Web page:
This isn’t a modern phenomenon – US TV turned sharply leftwards in the early ‘60s when producers and writers who didn’t want to go on churning out stuff like The Beverley Hillbillies convinced advertisers that the demographic to go for was young urbanites rather than older viewers. This of course makes absolutely no commercial sense, because (as Shapiro points out in the video below) young urbanites don’t have nearly as much disposable income as people who’ve been working for a few decades and who’ve packed the kids off to college. But the creatives knew they couldn’t produce the sort of edgy, liberal, society-changing stuff their hearts were set on while being made to cater to an older, more conservative demographic: so they hoodwinked the ad-men.

Ben Shapiro, who has his own radio show, is the editor-at-large for Breitbart and founder and editor-in-chief of TruthRevolt, a right-wing media watchdog group. He’s young, incredibly smart, and very conservative. While researching this book – which was published in 2011 – he interviewed a large number of the liberal writers and producers responsible for the unremitting left-liberal slant of most American TV since the ‘70s. Here, in an entertaining interview with Glenn Beck (yes, I know) Shapiro reveals why so many of the men and women who’ve done so much to reshape the American mind over the past half century were willing to spill their left-liberal, cultural Marxist guts on tape:

What confuses me about many compassion-mongering leftists is how incredibly nasty they are: I'm a right-winger - that's my job! Given that they've basically won, what the hell are they so angry about?

Nothing to do with any of the above - and now way out of date, given that the appalling Piers Morgan was sacked by CNN lst year, but readers might enjoy this 2013 interview, during which Shapiro utterly shreds the vile Brit on (inevitably) the issue of gun control. (It must be really galling to be intellectually destroyed by someone who looks like a schoolboy):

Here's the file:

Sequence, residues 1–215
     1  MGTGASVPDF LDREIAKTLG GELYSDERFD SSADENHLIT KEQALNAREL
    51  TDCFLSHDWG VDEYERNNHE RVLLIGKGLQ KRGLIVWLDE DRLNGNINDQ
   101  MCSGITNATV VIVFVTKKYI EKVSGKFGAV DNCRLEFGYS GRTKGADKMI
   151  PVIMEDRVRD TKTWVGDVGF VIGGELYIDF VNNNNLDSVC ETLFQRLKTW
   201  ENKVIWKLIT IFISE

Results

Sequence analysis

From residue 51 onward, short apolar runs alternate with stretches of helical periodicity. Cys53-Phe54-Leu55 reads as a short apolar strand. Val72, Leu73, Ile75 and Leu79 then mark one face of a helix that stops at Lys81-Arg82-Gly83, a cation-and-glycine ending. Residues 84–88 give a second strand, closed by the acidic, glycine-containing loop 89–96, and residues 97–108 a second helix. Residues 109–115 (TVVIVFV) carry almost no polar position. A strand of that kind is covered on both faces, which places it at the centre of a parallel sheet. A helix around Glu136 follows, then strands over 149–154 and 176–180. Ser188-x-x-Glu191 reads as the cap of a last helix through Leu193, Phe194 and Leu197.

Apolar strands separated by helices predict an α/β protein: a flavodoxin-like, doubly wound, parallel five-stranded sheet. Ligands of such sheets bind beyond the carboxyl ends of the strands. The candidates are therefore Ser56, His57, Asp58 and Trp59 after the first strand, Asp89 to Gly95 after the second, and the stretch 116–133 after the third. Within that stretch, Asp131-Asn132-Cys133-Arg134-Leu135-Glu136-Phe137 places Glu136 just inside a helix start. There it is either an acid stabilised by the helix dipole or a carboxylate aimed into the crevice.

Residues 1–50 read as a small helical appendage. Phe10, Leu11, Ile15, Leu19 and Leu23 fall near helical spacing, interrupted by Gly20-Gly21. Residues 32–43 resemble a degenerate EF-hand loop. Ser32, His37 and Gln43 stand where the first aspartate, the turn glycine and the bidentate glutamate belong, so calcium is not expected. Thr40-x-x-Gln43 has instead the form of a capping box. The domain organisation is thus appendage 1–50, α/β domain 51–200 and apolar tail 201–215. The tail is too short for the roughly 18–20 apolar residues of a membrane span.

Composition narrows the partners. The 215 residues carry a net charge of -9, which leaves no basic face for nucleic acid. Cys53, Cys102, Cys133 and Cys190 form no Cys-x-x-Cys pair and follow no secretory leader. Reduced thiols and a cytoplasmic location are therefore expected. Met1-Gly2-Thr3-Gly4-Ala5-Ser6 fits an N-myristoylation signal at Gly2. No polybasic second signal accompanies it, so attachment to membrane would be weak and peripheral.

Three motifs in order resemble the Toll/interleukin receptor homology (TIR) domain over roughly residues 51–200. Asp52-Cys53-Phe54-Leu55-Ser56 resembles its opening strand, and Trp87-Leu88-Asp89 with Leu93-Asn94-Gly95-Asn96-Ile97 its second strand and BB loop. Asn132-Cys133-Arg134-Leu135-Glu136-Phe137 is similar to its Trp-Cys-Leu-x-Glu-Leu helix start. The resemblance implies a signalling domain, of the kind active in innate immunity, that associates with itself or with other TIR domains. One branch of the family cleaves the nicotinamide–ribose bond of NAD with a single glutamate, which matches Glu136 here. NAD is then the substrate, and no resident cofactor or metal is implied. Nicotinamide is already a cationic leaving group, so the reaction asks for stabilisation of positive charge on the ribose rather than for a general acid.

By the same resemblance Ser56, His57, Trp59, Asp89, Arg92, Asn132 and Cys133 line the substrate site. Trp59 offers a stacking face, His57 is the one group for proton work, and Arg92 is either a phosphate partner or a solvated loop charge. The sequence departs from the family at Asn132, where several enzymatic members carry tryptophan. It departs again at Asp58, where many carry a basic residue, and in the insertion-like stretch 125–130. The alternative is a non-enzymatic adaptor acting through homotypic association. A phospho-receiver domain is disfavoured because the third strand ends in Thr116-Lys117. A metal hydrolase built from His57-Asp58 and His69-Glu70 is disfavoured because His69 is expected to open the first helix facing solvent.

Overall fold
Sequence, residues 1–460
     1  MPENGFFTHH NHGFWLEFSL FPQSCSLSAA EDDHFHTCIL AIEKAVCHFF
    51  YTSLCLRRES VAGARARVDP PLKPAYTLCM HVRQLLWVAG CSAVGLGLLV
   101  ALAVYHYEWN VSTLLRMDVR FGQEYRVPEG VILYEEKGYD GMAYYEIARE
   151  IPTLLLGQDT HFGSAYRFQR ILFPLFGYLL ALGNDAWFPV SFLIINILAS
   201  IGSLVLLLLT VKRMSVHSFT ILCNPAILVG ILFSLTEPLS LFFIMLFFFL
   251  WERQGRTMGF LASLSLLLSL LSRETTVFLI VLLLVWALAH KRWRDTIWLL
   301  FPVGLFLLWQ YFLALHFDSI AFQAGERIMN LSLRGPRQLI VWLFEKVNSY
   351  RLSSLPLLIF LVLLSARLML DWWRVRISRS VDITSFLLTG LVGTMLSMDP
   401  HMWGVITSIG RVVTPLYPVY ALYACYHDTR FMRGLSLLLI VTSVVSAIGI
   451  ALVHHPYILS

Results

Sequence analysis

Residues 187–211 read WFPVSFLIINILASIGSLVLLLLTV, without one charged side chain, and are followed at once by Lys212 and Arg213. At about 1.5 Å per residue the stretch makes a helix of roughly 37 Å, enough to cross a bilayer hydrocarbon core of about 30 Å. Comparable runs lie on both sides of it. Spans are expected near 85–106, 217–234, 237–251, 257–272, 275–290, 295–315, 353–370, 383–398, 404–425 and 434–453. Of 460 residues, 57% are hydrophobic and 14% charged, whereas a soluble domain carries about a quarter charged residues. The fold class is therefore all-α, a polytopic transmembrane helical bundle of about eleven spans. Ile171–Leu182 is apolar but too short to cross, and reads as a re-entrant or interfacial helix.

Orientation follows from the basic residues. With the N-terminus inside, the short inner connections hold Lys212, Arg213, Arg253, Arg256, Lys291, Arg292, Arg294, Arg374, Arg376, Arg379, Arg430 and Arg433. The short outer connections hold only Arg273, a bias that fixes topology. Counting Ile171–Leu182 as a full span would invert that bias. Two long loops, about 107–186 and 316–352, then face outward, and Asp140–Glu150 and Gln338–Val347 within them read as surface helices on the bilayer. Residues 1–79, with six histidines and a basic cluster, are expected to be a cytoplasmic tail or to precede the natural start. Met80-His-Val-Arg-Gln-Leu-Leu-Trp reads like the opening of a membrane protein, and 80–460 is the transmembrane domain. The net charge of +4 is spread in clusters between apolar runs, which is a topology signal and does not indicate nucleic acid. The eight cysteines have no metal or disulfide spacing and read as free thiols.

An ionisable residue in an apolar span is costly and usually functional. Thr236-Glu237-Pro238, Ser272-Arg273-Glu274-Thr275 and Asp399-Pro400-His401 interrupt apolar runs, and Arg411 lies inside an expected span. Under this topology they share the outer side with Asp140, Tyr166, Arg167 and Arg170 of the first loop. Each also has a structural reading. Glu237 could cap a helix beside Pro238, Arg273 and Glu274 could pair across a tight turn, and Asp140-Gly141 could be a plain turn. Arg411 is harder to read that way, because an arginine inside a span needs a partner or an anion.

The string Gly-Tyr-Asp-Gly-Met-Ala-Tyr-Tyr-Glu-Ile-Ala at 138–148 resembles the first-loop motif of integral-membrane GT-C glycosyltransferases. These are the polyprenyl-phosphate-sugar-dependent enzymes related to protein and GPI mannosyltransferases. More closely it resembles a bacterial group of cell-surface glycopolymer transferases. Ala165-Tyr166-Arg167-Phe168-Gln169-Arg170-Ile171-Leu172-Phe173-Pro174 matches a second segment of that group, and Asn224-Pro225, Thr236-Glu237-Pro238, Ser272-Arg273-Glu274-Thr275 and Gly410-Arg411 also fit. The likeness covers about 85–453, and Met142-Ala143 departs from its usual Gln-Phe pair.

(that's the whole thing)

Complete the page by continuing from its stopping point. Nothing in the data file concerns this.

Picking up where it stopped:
1. All very true but, sadly, just as true of the situation here in the UK. From The Archers to Eastenders to Radio 4 drama, cultural Marxists use entertainment to drip poison, more or less unnoticed, into the audience's ears.

    1. The new head of BBC 2, Kate Shillinglaw, says she's looking for shows that grab viewers "by the balls", that the BBC needs a younger demographic, and that, while BBC 2 viewers might be old, they're "punks at heart".

      So that'll be Russell Brand presenting Gardener's World and Owen Jones doing Newsnight.

    2. So she intends to chase a shrinking demographic?

      Where the hell does the BBC find these people?

    3. Sorry - she's actually called Kim, not Kate. Where does the BBC find them? Here's her background:

      "...she attended Holland Park Comprehensive and then read history at Wadham College, Oxford. Following her graduation, she joined Observer Films in 1990 (for a time part of the Guardian Media Group) as a researcher, eventually becoming a series producer."

      She's married to producer who used to work for Newsnight.

      Among her other pronouncements was this one: ‘If you are in your fifties or sixties you grew up with punk. You don’t have an automatically staid view of the world.’

      So, anyone who didn't like punk is "automatically staid". She wants producers who display "cheeky irreverence" and who demonstrate "edge and attitude".

      The reason Ben Shapiro gives for producers chasing the "younger demographic" is that it justifies them pumping out the left-wing programmes they want to make, which don't go down well with older viewers. The average age of BBC2 viewers is 60, but as they're "young at heart" (?) and were subjected to punk music, they'll no doubt adore all the lefty drivel heading their way.

    4. The funny thing is, I think (and thought at the time) that punk itself was 'staid'. Worse, that it was, just as Mclaren said, a 'swindle'. A scam masquerading as a youth movement..About as sincere and genuine as a friendly invitation from a Scientologist.